To play it safe, it’s always advisable to call a day in advance and reserve a serving for your meal. The smoked duck breast is indeed stunning; very tender to the bite with a light crunch from the skin, and not weighed down by the characteristically-gamey taste of the duck. Sliced into bite-sized thickness, and served on a bed of lettuce drizzled with salad sauce (beats me, but this was entirely neglected by us), a portion is priced at RM18 and deserves all the hype.
But Tuck Kee has never been a one trick pony.
Retaining the quality of their roasted meats; the duck, chicken and BBQ pork (char siew) combination was always a winner in our books, and it still manages to deliver after all these years. Their version of the char siew is unlike my preferred caramelised version that appears to be darker in colour and not tainted with the red dye, but is still miles ahead of plain Jane interpretations served by most wantan mee stalls.
Amongst their selection of roasted meats, the siew cheong (a type of Chinese preserved sausage but with inclusion of pig’s liver) stood out the most. Tender, without unpleasantly coarse bits of pork or fats, and roasted to a beautiful fragrance and texture.
Tuck Kee operates slightly differently from the many other similar places in Ipoh. At the front of the shop, there is a take away counter, just like how Hong Kong restaurants operate in order to cater to the lunch crowd packing food to be enjoyed elsewhere.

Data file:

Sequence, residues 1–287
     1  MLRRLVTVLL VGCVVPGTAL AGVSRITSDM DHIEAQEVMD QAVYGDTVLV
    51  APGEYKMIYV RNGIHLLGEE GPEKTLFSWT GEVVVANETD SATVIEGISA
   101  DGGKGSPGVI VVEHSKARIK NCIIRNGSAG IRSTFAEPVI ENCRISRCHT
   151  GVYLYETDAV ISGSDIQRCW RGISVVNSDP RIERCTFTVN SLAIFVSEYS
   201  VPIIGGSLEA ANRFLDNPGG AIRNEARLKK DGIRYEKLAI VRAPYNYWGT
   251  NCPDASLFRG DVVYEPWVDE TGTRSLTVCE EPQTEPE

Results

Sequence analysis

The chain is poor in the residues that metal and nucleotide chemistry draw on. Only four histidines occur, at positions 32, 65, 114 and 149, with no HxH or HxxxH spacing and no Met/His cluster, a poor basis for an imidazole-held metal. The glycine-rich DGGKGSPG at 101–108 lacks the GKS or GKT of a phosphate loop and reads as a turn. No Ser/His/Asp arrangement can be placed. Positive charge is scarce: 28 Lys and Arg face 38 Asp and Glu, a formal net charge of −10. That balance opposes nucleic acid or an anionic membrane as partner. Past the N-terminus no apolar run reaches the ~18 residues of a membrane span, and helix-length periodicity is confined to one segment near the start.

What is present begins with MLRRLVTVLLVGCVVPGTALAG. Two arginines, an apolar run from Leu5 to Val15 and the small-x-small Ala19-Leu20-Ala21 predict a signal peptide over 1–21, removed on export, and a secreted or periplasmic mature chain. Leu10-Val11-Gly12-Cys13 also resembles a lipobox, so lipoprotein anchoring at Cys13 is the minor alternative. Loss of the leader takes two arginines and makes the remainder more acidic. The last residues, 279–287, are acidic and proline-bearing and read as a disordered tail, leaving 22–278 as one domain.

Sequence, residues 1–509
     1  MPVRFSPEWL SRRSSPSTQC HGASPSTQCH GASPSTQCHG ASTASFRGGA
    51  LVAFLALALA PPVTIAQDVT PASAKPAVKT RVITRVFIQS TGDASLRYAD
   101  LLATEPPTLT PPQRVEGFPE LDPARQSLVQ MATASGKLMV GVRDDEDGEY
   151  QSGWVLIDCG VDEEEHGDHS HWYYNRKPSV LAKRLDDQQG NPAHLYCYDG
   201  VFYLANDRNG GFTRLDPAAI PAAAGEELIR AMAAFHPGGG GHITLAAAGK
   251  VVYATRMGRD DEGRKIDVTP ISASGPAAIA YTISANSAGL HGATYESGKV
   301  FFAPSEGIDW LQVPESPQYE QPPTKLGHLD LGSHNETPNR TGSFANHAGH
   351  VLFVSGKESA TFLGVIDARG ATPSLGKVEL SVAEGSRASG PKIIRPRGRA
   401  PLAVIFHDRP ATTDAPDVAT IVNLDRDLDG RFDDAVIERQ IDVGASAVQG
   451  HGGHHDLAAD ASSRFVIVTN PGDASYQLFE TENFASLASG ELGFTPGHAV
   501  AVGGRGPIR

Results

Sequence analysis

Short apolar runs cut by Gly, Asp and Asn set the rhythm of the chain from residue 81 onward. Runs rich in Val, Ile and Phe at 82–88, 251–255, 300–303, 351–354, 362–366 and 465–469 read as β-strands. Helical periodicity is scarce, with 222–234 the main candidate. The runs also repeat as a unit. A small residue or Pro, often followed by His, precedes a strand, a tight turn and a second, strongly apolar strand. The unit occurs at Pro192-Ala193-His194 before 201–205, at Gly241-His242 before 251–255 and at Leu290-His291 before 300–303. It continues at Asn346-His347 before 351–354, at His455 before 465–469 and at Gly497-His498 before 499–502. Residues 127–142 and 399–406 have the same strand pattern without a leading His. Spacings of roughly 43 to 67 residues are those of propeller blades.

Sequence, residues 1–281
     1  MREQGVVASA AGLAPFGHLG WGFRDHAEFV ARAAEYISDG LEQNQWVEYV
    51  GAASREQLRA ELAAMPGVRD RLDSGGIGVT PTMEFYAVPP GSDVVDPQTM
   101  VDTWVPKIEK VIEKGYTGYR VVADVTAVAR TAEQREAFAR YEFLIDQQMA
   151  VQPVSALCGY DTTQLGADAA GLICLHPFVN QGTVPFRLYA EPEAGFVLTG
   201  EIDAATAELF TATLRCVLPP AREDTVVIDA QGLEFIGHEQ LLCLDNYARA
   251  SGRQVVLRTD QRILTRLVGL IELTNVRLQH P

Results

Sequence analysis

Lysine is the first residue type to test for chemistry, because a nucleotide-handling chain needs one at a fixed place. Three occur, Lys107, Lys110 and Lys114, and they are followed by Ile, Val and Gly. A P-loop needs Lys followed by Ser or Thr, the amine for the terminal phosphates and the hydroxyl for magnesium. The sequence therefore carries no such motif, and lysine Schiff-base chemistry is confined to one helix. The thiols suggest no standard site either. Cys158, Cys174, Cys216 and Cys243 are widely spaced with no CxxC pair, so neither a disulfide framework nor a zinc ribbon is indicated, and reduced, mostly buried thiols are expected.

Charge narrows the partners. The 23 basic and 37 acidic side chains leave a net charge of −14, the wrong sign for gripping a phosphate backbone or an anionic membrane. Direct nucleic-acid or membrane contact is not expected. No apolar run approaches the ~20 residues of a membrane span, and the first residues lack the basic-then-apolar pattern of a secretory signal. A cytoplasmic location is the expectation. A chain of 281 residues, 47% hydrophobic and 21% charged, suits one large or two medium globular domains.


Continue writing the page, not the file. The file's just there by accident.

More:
From that same counter that has been around for as long as I can remember, a few workers will be diligently serving up the hungry crowd (sometimes the line extending to more than 20 people at once!), chopping up roasted meats, readying packets of individual portions of rice and meats, as well as extras such as our favourite spicy and sour mustard with leftover parts of the meats.
We call this choy geok or kai choy, also sometimes referred to as the “remnants of dishes” but as unappetising as it may sound, Tuck Kee whips up a really delicious version of this side dish – a well-balanced, robust punch from the dried chillies, a few pieces of tamarind, and fibrous mustard greens to soak up the brilliantly tasty gravy.
One other dish that comes highly recommended is the Kwai Fah Egg, a fried, scrambled egg mess with chunks of crab meat and finely-chopped carrots, to be wrapped with pieces of lettuce and downed in one gulp. Simply excellent, with the generous amount of crab meat that goes into the dish. A more premium alternative to this is the kwai fah chi with shark’s fins, but eating fins are a big NO-NO nowadays so maybe not.
There are probably a dozen or more dishes to recommend to you, but trust the ladies taking your orders as they are really experienced and won’t steer you wrong.
And one more tip here — order a serving of their fah sang woo or sweet peanut soup; devilishly creamy, rich and very, VERY satisfying. Share a portion with your fellow diner. You’ve been warned.
Tuck Kee Restaurant opens for lunch and dinner daily, and is located at the junction of Jalan King – Jalan Queen – Jalan Tokong in Pasir Pinji, Ipoh.
James Tan loves good food and blogs at Motormouth From Ipoh (www.j2kfm.com)